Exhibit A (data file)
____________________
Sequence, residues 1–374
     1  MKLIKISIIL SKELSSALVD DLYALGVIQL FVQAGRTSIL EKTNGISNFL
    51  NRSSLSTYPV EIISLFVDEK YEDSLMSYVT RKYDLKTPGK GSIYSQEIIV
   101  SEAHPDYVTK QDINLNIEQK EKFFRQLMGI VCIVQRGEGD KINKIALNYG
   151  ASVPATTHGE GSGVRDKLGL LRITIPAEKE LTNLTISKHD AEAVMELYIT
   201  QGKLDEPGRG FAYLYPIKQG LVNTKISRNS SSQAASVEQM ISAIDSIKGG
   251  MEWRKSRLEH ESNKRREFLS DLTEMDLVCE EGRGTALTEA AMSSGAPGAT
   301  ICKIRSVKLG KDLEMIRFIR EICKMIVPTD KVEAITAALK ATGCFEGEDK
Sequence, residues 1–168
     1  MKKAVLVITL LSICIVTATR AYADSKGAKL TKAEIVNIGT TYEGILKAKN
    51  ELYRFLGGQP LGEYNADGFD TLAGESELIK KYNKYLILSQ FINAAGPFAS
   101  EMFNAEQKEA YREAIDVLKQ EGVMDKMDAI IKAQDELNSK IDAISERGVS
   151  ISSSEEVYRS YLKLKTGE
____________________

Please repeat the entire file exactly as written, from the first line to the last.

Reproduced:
Sequence, residues 1–374
     1  MKLIKISIIL SKELSSALVD DLYALGVIQL FVQAGRTSIL EKTNGISNFL
    51  NRSSLSTYPV EIISLFVDEK YEDSLMSYVT RKYDLKTPGK GSIYSQEIIV
   101  SEAHPDYVTK QDINLNIEQK EKFFRQLMGI VCIVQRGEGD KINKIALNYG
   151  ASVPATTHGE GSGVRDKLGL LRITIPAEKE LTNLTISKHD AEAVMELYIT
   201  QGKLDEPGRG FAYLYPIKQG LVNTKISRNS SSQAASVEQM ISAIDSIKGG
   251  MEWRKSRLEH ESNKRREFLS DLTEMDLVCE EGRGTALTEA AMSSGAPGAT
   301  ICKIRSVKLG KDLEMIRFIR EICKMIVPTD KVEAITAALK ATGCFEGEDK
Sequence, residues 1–168
     1  MKKAVLVITL LSICIVTATR AYADSKGAKL TKAEIVNIGT TYEGILKAKN
    51  ELYRFLGGQP LGEYNADGFD TLAGESELIK KYNKYLILSQ FINAAGPFAS
   101  EMFNAEQKEA YREAIDVLKQ EGVMDKMDAI IKAQDELNSK IDAISERGVS
   151  ISSSEEVYRS YLKLKTGE